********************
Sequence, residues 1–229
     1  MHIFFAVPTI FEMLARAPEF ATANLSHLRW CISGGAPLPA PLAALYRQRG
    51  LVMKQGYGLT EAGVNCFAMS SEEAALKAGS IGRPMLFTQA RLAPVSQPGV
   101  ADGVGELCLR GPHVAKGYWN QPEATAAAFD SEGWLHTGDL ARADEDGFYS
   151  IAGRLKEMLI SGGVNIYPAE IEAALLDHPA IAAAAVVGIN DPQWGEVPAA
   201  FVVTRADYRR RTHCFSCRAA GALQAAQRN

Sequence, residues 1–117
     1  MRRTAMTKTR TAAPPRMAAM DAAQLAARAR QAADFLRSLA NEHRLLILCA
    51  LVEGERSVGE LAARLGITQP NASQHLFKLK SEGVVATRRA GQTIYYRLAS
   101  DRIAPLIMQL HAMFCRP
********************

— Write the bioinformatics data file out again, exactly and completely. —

Sequence, residues 1–229
     1  MHIFFAVPTI FEMLARAPEF ATANLSHLRW CISGGAPLPA PLAALYRQRG
    51  LVMKQGYGLT EAGVNCFAMS SEEAALKAGS IGRPMLFTQA RLAPVSQPGV
   101  ADGVGELCLR GPHVAKGYWN QPEATAAAFD SEGWLHTGDL ARADEDGFYS
   151  IAGRLKEMLI SGGVNIYPAE IEAALLDHPA IAAAAVVGIN DPQWGEVPAA
   201  FVVTRADYRR RTHCFSCRAA GALQAAQRN

Sequence, residues 1–117
     1  MRRTAMTKTR TAAPPRMAAM DAAQLAARAR QAADFLRSLA NEHRLLILCA
    51  LVEGERSVGE LAARLGITQP NASQHLFKLK SEGVVATRRA GQTIYYRLAS
   101  DRIAPLIMQL HAMFCRP